page three Scene and Heard

A Rocky Road to Ice Cream Parity

After earnest pleas to the grocery store's manager and an annoyed cashier, Adele Levine was satiated.
After earnest pleas to the grocery store's manager and an annoyed cashier, Adele Levine was satiated. (Courtesy Of Ashley Smith)
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Thursday, May 8, 2008

A s our mother told it, the very first time we were offered ice cream, we rejected it suspiciously. We've never gotten independent confirmation of Mom's story, but we've gotten our own kids to sample an enormous variety of foods simply by saying, "Remember: Dad refused to try ice cream!"

My first week of unemployment passed quietly and quickly as I spent most of it sprawled across my mattress rereading old novels. But by the third week, the increasing heat of Washington in my un-air-conditioned apartment started chasing me and my paperbacks outside, until it was even too hot out there.

Luckily, there was a small supermarket down the street from me, and I started escaping the hottest part of the afternoon in the magazine and greeting card aisle. I always walked through the frozen-food aisle first, perusing the vast ice cream selection and blasting myself with cold air on my way to the magazines.

My favorite ice cream is Rocky Road. This supermarket did not carry Rocky Road ice cream.

At first I thought they were just out of stock. But since I went in every day, I quickly realized they just didn't sell Rocky Road. Initially, I was just slightly irritated and would disappear into the magazine aisle to catch up on the latest celebrity gossip. But eventually I started to linger in the ice cream aisle, annoyed.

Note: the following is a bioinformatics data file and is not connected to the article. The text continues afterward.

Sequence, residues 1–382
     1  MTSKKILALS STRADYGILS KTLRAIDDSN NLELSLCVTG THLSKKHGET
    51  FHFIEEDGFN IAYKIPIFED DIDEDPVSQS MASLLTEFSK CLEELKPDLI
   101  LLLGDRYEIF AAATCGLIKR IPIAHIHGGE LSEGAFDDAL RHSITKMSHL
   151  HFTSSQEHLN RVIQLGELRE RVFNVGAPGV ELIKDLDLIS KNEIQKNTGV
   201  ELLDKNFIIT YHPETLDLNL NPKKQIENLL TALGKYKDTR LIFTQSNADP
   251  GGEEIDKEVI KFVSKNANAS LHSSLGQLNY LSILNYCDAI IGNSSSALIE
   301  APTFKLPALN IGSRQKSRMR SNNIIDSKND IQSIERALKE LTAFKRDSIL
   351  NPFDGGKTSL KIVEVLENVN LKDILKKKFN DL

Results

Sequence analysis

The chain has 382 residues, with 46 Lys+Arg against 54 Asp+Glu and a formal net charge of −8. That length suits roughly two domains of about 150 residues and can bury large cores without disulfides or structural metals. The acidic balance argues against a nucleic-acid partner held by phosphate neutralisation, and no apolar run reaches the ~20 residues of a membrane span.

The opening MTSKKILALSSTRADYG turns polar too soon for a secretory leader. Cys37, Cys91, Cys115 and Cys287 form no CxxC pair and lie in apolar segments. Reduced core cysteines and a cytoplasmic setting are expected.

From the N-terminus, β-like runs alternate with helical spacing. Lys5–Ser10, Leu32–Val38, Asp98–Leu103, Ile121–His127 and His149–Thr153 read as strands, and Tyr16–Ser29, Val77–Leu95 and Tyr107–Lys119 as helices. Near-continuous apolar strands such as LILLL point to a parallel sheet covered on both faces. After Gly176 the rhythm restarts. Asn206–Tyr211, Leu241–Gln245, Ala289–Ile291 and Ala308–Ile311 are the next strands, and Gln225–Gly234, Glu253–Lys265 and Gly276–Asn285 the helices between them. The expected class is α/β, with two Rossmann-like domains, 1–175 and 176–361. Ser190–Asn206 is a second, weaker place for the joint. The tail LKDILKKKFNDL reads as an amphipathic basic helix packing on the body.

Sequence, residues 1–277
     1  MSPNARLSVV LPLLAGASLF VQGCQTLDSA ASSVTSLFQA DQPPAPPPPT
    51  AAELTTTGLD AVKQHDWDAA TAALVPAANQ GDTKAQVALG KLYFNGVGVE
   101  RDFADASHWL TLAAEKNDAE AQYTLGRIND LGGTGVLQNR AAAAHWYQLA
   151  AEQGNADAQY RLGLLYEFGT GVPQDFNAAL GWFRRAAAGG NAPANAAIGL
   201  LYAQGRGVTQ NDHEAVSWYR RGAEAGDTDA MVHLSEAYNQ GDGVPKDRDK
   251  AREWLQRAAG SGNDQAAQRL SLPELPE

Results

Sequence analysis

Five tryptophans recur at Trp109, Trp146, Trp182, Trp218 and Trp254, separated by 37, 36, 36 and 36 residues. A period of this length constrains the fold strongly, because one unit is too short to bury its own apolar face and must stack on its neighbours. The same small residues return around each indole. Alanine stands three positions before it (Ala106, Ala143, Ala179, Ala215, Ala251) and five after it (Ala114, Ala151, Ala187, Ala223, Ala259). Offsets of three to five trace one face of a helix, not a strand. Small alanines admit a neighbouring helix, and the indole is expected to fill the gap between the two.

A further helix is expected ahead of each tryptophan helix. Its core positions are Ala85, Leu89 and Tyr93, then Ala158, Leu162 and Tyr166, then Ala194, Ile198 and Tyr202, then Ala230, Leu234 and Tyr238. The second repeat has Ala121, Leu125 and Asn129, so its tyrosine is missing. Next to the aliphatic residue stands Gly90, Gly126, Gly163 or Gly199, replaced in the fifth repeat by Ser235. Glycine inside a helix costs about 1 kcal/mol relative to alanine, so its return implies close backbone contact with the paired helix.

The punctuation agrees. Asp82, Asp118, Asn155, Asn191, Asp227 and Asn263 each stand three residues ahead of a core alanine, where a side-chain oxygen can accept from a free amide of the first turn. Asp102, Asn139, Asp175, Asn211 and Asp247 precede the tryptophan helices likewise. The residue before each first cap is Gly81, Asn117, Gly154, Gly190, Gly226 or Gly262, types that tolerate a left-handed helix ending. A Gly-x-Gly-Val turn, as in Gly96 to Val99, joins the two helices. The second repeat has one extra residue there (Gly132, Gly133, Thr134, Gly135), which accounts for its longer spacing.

How was it possible this store had an entire freezer section devoted to Chunky Monkey ice cream -- a silly banana and walnut ice cream concoction -- instead of a reliable chocolate, almond and marshmallow standard like Rocky Road?

I started filling out comment cards next to the store's exit. At first, my comment cards were polite: "Could you please order Rocky Road ice cream? The Edy's brand. Thank you."

And later: "Dear Manager, I would appreciate it greatly if you could add Edy's Original Rocky Road to your ice cream supply."

It was the first grass-roots campaign I'd ever been involved in, and I became more and more excited. Being unemployed didn't bother me so much now that my job was to walk briskly into the store and check the freezer aisle several times a day.

My comment cards started getting curt: "Order Rocky Road ice cream."

And then accusatory: "Why don't you sell Rocky Road ice cream?"

After a month, I decided to step it up a notch and discuss the situation with the cashier. The cashier seemed annoyed, even though I was the only customer in the store and she had no reason to be so unhelpful.

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